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CDT Offers Detailed Privacy Rules for Smart Grid

DMCA Abuse and Political Campaigns

FBI Ramps Up Push for Control Over Communications Networks

Featured on Policy Beta

October 26, Washington, DC - Greg Nojeim will be a panelist on "Privacy and Security in the Cloud Computing Age" at the Brookings Institution.

October 28, Jerusalem, Israel - Leslie Harris moderates the panel "Challenges and Opportunities of the New APP Economy" at the International Conference of Privacy and Data Protection Commissioners.



   

The "Smart Grid" isn't fiction and neither are concerns that the data collection technologies used in the grid raise serious questions about how to best protect consumer privacy.. CDT last week proposed a set of privacy rules for the Smart Grid. The FBI ramps up its campaign for control over communications services. And bogus DMCA notices threaten political speech. These are a few of the Internet policy issues CDT had its hands on since we last wrote.

CDT Offers Detailed Privacy Rules for Smart Grid

Last week, CDT submitted comments to the California Public Utilities Commission detailing how privacy can be protected as Smart Grid technologies are deployed. The comments propose a comprehensive set of privacy policies and practices for data about home energy usage -- data that is likely to become increasingly granular and revealing of personal life patterns. While the CDT proposal is based on the widely-accepted framework of Fair Information Practices, our comments are the first time, as far as we know, that anyone in the U.S. has translated those principles into practical rules that can be implemented in the Smart Grid. The Electronic Frontier Foundation joined CDT in its filing.

The California PUC is conducting a major proceeding intended to promote development of the Smart Grid in the state. In March, CDT and EFF submitted comments to the PUC, arguing that the Smart Grid needed a comprehensive set of privacy rules based on the Fair Information Practices. In response, the Commission solicited specific input on privacy, setting the stage for our recommendations.

DMCA Abuse and Political Campaigns

Political speech is at the very core of what the First Amendment is intended to protect. And one might assume that the Digital Millennium Copyright Act could not be used to quash the comments of political candidates. But that is precisely what has been happening. Starting as early as the 2008 Presidential campaign, media companies have been sending "notice-and-takedown" demands to YouTube and other online video platforms, insisting that they delete campaign ads that contain snippets of video drawn from TV news programs. The snippets are almost certainly legal as "fair use," but the way the DMCA works, the recipients of demand letters often have no incentive to resist and every incentive to just take down the material.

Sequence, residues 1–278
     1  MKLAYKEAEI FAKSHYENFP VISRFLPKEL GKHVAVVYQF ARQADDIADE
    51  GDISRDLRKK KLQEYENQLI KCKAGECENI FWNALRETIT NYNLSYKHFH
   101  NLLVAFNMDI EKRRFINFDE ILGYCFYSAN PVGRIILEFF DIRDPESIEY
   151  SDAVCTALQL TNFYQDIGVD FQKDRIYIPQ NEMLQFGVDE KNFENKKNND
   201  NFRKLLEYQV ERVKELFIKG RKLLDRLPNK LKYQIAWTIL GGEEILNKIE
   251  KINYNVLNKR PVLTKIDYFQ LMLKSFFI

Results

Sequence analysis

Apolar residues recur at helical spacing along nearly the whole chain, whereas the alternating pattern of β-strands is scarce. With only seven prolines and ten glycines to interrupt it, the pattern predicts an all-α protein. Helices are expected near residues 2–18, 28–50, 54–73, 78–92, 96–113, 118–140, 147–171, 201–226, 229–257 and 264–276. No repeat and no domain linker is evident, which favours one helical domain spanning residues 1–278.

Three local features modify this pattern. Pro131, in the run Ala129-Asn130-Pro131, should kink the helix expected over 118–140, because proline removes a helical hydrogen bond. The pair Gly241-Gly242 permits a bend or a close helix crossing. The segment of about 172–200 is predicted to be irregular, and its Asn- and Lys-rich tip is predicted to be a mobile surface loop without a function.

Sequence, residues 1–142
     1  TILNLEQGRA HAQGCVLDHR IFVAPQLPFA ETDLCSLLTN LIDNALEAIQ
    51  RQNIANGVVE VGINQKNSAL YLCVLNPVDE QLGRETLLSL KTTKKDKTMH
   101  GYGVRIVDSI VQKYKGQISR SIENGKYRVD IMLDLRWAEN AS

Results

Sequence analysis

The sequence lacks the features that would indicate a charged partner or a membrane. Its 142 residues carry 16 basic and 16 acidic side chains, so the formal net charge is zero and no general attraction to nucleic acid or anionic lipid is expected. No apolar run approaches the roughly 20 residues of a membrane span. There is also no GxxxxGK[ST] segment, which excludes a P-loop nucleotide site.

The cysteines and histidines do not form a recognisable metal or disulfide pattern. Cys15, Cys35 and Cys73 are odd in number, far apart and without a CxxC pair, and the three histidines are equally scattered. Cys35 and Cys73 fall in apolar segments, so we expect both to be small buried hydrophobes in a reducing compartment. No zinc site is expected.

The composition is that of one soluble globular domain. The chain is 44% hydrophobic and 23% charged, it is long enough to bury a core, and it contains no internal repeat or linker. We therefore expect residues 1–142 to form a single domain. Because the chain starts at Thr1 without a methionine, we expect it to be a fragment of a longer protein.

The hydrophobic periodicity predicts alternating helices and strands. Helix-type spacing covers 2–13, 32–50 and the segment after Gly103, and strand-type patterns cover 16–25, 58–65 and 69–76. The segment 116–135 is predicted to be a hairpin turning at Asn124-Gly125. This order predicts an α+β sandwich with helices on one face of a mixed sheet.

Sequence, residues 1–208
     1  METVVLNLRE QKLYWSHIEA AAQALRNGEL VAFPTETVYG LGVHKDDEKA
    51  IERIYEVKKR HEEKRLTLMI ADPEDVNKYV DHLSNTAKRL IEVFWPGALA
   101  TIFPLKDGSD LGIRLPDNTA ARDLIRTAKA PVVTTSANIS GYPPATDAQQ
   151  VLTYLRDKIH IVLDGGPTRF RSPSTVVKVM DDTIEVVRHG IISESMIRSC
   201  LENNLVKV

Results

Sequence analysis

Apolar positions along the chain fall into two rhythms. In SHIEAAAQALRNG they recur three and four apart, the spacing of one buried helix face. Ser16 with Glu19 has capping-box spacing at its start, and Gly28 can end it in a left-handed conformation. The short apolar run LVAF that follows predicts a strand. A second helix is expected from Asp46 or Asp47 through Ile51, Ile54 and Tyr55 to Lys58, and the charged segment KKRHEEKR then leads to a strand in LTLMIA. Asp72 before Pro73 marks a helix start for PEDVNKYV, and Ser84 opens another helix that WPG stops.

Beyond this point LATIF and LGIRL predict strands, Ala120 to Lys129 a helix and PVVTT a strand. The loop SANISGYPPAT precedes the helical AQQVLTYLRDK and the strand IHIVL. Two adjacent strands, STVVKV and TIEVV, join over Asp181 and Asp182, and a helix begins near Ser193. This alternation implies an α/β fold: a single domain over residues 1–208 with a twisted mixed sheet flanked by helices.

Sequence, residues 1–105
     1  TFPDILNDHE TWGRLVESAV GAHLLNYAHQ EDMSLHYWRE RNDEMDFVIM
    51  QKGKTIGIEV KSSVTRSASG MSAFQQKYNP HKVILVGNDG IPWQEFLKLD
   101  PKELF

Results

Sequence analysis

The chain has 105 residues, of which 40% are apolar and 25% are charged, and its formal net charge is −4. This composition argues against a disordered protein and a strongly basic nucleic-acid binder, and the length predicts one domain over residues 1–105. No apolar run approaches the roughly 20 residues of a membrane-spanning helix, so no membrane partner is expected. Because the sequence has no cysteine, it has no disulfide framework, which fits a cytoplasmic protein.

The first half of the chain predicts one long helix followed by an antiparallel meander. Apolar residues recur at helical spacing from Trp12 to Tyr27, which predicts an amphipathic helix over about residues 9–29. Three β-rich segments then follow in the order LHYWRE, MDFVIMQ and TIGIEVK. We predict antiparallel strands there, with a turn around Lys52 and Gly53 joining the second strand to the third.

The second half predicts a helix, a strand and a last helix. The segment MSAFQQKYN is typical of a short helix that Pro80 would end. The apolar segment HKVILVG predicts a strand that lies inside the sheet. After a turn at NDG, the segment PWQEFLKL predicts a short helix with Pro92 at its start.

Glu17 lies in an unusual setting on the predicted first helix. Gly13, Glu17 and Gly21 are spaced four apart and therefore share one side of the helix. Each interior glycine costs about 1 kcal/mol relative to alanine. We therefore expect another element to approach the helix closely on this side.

CDT released a report detailing the extent to which overly aggressive DMCA takedowns stifle legitimate political speech. The report pulls together in one place information on a dozen incidents that have occurred in recent years and calls upon news broadcasters - in the name of the First Amendment - to be more tolerant of the reuse of their footage for political advertising and commentary.

FBI Ramps Up Push for Control Over Communications Networks

The FBI is expanding its call for deeper control over the design of communications services. After arguing a month ago that Internet applications should be redesigned to make them easier to wiretap, the FBI is now, the New York Times reports, seeking more aggressive authority to force traditional carriers to design their networks to the FBI's liking. As CDT's Leslie Harris pointed out in ABC News column, government-mandated backdoors to communications systems are likely to create additional vulnerabilities at precisely the time that citizens, corporations and governments are seeking to improve the security of their communications.

More Neutrality Comments -- 'Specialized' Services and Wireless

CDT filed its latest round of comments in the FCC's "open Internet" proceeding, focusing on two issues: "specialized" services and the application of open Internet polices to mobile wireless services.

Ring Ring, the Web is Calling - Or Not?

Alissa Cooper reports on the Real Time Communications Web Workshop and examines the need for strong security standards as innovation accelerates in browser-to-browser communications and other Web applications.

Why Facebook Apps Story Is Problem For Entire Web

Justin Brookman explores the broader implications of a Wall Street Journal report on the leakage of identifying data through Facebook apps.




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